Friday, April 29, 2016

Beware Extra Charges with Tour Deals

I actually booked one of the deals I mentioned in a recent post about, only to discover that some additional costs may raise the price quite a lot. It's probably still a deal, but I'm paying about one-third more than the advertised price.

The tour is a nine-day one to Italy in winter, from New York, advertised for $999. Most of the increased cost is for a better air fare that doesn't entail at least a full day in transit, another $100 is for all-risk insurance. Now if I decide to stay overnight in New York on either leg of the trip (very likely,) that will probably run to at least another $250.

There is always the sleep in the terminal option, one I have yet to try, but there's a first for everything. This is just another example of how advertised deals are often not as good as they sound initially--this is especially true with some cheap air fares, which often have you travelling far longer than is good for anybody.

Now I'm tempted by another cheap deal, roundtrip flights from Montreal to Bucharest, Romania in May from The quoted fare was in the high $500 range, but when I checked it seemed to be at least $100 higher, still an amazing bargain. The carrier is, one of my favourite airlines, so this is a definite attraction, and transit time is reasonable.

Too many deals, too little money.

Tuesday, April 26, 2016

Visit Ecuador to Help Quake Victims

One way to help victims of the recent large earthquake on the coast of Ecuador is to visit the rest of the country, according to Quito mayor Mauricio Rodas. Quito suffered only minor damage, and most other parts of the country are unaffected, says an article in

Quito is Ecuador's almost two mile high capital, and the entry point for most visitors. It is also an appealing city with plenty of colonial buildings, a pleasant climate and welcoming people. I visited Ecuador too long ago to have any accurate information on prices, but I suspect they are generally a lot lower than in North America or Western Europe.

The main attractions of Ecuador are the Galapagos Islands, worth the expense and hassle of getting there. These islands, whose non-human inhabitants were the inspiration for Charles Darwin's famous book "On the Origin of Species," are one of the natural wonders of the world. The reptiles, birds and marine mammals who live there display little or no fear of humans, because they have lived mostly unmolested for centuries.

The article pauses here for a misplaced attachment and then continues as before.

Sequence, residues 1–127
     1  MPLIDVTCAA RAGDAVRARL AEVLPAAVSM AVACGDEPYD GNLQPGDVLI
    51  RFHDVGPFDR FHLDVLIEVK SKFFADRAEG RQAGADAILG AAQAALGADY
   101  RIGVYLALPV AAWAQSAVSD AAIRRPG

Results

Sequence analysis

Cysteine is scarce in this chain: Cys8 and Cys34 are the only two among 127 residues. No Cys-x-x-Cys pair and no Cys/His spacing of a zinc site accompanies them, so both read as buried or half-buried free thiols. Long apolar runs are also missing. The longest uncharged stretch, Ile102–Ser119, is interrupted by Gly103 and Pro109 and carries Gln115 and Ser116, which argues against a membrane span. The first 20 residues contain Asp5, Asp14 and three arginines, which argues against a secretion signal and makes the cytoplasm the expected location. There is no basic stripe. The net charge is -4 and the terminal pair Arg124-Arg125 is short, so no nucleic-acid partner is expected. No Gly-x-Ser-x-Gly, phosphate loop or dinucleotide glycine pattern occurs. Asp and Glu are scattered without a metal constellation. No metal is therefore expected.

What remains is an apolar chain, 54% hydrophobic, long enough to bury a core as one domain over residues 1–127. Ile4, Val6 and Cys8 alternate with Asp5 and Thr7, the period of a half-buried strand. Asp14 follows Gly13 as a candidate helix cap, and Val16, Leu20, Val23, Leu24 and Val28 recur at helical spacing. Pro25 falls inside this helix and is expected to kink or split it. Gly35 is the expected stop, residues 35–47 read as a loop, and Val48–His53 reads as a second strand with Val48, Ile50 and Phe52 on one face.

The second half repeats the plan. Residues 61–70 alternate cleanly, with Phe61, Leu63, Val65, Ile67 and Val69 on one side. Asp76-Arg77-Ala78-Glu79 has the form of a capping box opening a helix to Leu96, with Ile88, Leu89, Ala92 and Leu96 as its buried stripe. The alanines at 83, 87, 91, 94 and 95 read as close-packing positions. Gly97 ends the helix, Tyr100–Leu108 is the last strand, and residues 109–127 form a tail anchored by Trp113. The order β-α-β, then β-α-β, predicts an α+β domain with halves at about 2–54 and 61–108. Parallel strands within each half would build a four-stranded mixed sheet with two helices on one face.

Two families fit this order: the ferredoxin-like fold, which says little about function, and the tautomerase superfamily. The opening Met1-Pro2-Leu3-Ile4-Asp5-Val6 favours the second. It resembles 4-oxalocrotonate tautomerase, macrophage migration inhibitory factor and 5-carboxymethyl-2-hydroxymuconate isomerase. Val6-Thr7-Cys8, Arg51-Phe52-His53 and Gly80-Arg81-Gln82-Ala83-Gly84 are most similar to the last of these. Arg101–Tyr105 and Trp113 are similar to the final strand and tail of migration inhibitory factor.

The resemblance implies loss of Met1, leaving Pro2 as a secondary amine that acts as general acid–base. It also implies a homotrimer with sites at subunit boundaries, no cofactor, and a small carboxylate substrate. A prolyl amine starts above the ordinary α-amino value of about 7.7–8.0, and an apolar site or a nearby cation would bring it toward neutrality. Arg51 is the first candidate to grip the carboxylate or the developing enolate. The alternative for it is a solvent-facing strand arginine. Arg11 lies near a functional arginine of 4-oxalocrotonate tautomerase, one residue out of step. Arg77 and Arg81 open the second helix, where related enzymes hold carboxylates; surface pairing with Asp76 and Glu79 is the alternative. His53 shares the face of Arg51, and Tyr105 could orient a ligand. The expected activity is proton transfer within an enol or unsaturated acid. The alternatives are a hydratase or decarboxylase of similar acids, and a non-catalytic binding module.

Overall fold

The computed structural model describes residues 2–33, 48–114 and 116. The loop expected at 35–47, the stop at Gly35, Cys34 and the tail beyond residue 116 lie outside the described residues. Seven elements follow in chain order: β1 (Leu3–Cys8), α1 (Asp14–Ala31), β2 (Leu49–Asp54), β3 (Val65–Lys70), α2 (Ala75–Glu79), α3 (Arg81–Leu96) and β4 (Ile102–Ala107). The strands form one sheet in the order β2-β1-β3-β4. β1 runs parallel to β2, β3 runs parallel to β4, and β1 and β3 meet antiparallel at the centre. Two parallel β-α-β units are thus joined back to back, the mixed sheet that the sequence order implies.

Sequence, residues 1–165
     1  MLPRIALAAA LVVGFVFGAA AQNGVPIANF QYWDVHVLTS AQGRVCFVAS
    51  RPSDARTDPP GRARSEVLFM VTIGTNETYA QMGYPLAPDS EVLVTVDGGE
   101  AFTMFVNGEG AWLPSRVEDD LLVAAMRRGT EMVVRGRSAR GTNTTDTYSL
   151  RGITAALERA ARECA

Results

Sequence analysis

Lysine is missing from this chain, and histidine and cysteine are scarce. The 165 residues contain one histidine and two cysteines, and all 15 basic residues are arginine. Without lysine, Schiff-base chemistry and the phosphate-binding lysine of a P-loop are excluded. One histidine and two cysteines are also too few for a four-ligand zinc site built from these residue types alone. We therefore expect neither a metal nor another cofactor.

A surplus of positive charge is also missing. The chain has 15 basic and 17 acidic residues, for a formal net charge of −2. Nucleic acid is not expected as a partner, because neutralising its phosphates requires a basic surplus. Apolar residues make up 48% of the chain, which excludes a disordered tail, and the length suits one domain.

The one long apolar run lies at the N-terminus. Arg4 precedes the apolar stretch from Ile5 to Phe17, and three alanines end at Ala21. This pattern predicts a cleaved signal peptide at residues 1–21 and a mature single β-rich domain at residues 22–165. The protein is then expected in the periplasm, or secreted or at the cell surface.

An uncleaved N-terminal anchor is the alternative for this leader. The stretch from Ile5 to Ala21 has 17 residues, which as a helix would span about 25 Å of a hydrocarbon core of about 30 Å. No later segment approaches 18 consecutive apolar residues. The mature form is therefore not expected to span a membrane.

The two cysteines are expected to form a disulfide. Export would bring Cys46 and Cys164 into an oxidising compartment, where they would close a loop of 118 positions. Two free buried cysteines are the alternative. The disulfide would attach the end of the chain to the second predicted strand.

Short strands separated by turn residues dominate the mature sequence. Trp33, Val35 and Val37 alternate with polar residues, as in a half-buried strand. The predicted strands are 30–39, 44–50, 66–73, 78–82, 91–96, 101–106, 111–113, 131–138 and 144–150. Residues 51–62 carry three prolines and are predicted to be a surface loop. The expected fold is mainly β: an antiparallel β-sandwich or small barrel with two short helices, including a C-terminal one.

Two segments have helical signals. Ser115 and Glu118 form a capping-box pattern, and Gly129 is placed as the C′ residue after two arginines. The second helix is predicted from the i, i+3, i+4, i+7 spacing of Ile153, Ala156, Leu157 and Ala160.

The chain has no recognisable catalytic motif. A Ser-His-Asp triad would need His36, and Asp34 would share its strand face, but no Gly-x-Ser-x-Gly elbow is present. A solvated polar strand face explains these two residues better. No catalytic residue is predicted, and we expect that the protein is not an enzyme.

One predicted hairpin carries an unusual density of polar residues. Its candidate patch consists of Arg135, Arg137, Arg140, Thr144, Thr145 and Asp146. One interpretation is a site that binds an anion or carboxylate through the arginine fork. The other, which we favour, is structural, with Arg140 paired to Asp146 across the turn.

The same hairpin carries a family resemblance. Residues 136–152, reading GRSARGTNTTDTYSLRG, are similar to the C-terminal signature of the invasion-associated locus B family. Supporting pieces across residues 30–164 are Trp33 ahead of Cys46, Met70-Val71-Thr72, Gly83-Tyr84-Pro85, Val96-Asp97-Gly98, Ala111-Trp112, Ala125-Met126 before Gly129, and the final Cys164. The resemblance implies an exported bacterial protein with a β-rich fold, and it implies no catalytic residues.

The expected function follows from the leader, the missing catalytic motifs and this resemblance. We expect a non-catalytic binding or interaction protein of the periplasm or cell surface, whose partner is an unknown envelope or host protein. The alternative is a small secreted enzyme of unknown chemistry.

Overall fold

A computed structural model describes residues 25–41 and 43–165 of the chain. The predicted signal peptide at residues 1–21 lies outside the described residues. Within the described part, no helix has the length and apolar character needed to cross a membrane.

The Amazon and interior colonial cities such as Cuenca, where my friend Paul Glassman recently spent some time, are other important attractions. Tourism is one of the country's main industries, so if you have any interest in visiting Ecuador this would be a good time to do so to help make up for people who will probably cancel their trips.

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Friday, April 22, 2016

Try Travelzoo for Big Discounts

Whether for hotels, tours, or cruises, Travelzoo offers some amazing deals. At the moment in the tour category you can book a 9-day trip to Venice, Florence and Rome for as low as $999, including train tickets between the cities, 4-star hotels and air fare from New York. This package is available on certain dates between November and March.

Another possibility is a 6-night visit to Madrid and Barcelona, with air and accommodation, from just $1029. If North Africa appeals, there is a 4-city guided tour of Morocco, with seven nights divided between Casablanca, Rabat, Fez and Marrakesh. Air fare, accommodation in four or five-star hotels is included, along with most meals, all for $1125.

The major downside to this site is that, even just to browse offers, you need to sign up and provide your zip or postal code. The company also offers bargains on its UK site for European travellers. I have heard the site recommended by people I know and trust.

Tuesday, April 19, 2016

Get a New Car and a Vacation

If you plan to buy a new European car, you can take advantage of overseas delivery offered by most of the top brands. For example, you can fly to Gothenburg, Sweden for free and stay in a hotel for one night, take delivery of your new Volvo and drive it around Europe, then ship it home.

You can do that, at least if you live in the United States. These programs do not seem to operate in other countries such as Canada.

You need to order the car through a local dealer three to four months ahead, and be prepared for the fact that delivery of the car once you have shipped it can take up to two months. Still, this sounds like a great way to combine a driving holiday in Europe with a new car, and without haggling on price.

Volkswagen is the only major brand that does not offer this program. However, you may be able to purchase a new VW the way I did, through a German dealer. I bought an original Beetle at Mahag, a big car dealer in Munich, drove it back to Italy where I was living then and around the continent for six weeks after my university term was over. My German wasn`t up to figuring out from the Website whether this program still exists.

One of the great advantages of touring Europe by car is the chance to get out into the country and explore less-discovered parts of the continent.

Friday, April 15, 2016

Beware the Ides of April

If you are an American living abroad, or considering doing so, you should be aware of your obligation under U.S. law to file tax forms, even if you owe no tax in the U.S. The usual deadline for filing is today, April 15, though this year it is extended to April 18 because of an Emancipation Day holiday in the District of Columbia.

Those who live outside the U.S. and Puerto Rico can take an additional two months to file taxes without sending in a form requesting an extension. However, if you owe any tax, interest on what you owe starts accumulating as of the April filing date.